Bogense is one of the country’s smallest merchant towns and boasts an excellent location on a protrusion facing Lillebælt and Kattegat. The name translates to “Beech Headlands”. The town had its charter confirmed by King Erik Menved in 1288, but all signs point to it having been a merchant town before then as well.


The port was likely first constructed in 1828-30. Before then, ships had to drop anchor in open water and transport goods to and from the trade sites in flat-bound barges. This unique and narrow port now exists as an extension of Bybækken, which is the coastal town’s quaint, idyllic waterway.


Several sites along the river have had water mills, but only two of these can still be seen today: Neder Mølle at the entry road from Odense and Over Mølle at Harritslev Farm. After the town got its port, several merchant houses popped up in town. Only one of them, The Old Merchant House in Østergade, continues to be used to this day. The rest have been taken over by modern supermarkets, and Bogense remains a vibrant hub of trade.

Bogense Church

The oldest section of the church is also the town’s oldest building, dating from the early 1400s. It sits at a gorgeous location on the town’s highest hill, right out by the sea, enveloped by protected linden trees that are over 100 years old. Since then, it has developed by sprouting off into a larger building.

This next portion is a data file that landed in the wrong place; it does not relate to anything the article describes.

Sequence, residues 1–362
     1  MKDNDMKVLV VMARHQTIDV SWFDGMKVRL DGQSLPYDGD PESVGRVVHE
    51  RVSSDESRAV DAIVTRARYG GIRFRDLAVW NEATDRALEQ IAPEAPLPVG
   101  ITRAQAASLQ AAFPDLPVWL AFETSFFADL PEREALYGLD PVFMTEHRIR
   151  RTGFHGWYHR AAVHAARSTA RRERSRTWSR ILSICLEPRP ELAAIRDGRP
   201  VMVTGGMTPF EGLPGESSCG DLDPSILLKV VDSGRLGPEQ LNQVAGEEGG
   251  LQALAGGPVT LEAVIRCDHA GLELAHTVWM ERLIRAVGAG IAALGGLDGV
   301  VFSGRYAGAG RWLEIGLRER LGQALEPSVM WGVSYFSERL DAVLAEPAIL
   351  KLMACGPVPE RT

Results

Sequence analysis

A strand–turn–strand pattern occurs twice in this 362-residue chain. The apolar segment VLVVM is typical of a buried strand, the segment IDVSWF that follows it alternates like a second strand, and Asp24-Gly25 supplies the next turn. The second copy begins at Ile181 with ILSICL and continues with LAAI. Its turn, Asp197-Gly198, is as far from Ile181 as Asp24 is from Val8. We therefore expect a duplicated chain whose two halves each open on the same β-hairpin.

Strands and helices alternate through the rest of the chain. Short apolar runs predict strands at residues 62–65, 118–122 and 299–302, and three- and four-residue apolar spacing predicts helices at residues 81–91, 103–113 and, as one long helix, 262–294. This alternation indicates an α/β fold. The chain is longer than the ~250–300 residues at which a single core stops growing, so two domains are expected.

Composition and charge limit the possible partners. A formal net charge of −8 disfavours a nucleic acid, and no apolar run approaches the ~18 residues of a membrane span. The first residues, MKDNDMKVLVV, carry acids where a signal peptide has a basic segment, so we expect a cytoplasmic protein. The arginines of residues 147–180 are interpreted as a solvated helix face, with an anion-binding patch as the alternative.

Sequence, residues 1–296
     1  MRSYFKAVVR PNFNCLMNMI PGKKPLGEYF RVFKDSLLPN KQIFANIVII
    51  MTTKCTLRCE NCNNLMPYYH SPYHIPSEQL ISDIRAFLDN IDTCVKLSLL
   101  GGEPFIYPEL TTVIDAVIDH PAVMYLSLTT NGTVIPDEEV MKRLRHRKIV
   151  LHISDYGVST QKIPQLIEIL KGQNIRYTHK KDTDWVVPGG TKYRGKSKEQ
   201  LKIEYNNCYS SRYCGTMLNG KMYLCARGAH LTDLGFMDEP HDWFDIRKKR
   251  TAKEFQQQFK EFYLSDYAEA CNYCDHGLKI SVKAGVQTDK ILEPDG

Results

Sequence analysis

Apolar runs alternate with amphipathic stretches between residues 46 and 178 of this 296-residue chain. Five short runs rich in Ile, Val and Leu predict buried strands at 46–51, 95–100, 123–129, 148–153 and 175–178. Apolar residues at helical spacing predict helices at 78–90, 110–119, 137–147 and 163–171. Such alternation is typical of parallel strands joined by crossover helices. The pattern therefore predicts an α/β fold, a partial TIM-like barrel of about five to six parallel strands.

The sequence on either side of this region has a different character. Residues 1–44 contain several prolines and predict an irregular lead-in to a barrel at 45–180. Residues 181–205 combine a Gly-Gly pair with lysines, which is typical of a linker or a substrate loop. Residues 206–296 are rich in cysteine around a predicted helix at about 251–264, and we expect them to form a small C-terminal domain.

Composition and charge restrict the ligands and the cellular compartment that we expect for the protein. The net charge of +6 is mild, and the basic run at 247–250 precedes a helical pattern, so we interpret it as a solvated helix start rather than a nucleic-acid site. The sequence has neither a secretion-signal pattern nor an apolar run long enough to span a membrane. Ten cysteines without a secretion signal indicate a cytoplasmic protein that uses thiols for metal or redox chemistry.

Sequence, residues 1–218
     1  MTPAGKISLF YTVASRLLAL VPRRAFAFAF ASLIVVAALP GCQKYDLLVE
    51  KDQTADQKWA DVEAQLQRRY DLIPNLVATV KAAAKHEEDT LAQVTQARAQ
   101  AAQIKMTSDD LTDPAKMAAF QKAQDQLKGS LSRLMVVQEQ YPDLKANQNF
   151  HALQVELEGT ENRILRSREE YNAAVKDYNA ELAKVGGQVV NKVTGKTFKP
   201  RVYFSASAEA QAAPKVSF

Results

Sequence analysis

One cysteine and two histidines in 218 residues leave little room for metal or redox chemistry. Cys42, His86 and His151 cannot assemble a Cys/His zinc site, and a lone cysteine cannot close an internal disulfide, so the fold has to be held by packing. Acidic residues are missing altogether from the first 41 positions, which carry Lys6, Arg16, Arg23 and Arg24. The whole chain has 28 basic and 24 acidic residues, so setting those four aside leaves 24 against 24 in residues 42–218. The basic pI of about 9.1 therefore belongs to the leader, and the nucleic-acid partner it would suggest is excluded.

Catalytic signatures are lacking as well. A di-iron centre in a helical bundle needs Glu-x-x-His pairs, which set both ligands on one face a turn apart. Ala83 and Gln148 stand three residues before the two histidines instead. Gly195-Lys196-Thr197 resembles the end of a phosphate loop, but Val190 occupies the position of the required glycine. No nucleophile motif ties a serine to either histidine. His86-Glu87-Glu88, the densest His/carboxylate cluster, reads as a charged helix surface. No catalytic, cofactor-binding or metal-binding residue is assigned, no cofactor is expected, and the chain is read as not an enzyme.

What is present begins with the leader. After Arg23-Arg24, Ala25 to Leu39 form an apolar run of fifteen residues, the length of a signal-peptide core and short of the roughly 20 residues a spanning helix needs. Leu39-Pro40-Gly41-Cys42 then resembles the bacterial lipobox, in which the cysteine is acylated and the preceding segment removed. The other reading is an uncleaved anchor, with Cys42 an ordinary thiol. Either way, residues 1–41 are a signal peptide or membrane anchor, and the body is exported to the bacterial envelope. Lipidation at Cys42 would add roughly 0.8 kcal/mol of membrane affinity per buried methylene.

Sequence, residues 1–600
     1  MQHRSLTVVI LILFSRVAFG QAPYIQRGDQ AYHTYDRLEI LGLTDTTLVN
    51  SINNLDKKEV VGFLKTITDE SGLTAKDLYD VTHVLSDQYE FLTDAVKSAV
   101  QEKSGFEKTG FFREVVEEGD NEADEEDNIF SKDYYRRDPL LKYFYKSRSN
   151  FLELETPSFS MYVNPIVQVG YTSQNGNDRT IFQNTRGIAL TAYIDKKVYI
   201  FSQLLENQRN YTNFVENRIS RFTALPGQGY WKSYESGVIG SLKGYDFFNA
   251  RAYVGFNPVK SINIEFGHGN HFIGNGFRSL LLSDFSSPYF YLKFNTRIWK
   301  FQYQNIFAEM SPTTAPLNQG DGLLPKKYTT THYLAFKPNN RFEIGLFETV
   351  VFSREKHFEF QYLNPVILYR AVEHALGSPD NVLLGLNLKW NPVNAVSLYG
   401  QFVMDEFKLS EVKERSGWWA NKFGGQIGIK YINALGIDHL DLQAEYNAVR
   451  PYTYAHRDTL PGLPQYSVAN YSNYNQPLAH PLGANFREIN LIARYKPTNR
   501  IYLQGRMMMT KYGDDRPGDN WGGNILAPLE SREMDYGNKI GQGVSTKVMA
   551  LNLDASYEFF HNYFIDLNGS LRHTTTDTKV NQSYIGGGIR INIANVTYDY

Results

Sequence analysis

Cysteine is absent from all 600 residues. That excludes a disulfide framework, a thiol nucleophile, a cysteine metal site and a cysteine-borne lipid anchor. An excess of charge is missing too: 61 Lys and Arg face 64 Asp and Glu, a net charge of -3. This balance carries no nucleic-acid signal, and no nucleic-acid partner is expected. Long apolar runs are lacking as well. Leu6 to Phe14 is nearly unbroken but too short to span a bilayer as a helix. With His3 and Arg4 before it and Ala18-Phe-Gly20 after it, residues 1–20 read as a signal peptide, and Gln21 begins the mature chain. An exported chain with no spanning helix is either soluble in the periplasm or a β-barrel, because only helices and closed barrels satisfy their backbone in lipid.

The tower can be seen at a great distance by seafarers, and has been used by sailors as a sea mark for centuries. Perhaps this is also why the church is devoted to the patron saint of sailors, St. Nicholas. Remains of an earlier church were discovered while renovating the church floor. This was likely from a wooden church in the Christian Viking Age or the early Middle Ages. Unlike most other Danish churches, its tower faces east.

The City of Mermaids

An old folk tale holds that out past Bogense, between the town and Æbelø, a deep trench stretches in towards the village of Jersore. In quiet and hazy weather, sailors could barely make out a row of house roofs. Hence it received the name “Fog street”. There was a merman who lived here.


Far inland there lived a princess of heavenly beauty, who sang in wistful and gorgeous tones. The merman fell utterly in love with her. Sadly, the princess was being kept locked up by the king, and she was guarded by a great and terrible dragon. This did not dissuade the merman, and he went to land, chasing the dragon away with his mighty fish tail and freed the princess, whom he took to sea. The two later had many children. Most took after the mother, and grew two legs. They became the ancestors of all Bogense people.


One of the children took after the merman, and got a fish tail. Naturally, she had to stay out there in the ocean. Today she sits at the very end of the Marinamolen breakwater, with her arms resting on two seals. She is the one we know as Elle.


Did you know…

That if you go down to the beach on a quiet evening, preferably after dark, and listen out towards Æbelø, you may be lucky enough to hear the mermaids sing their beautiful, beguiling song. Mermaids sing in a high and exquisite voice. It sounds a little like distant bird cries, out there in the dark.

– And that is all quite well-known.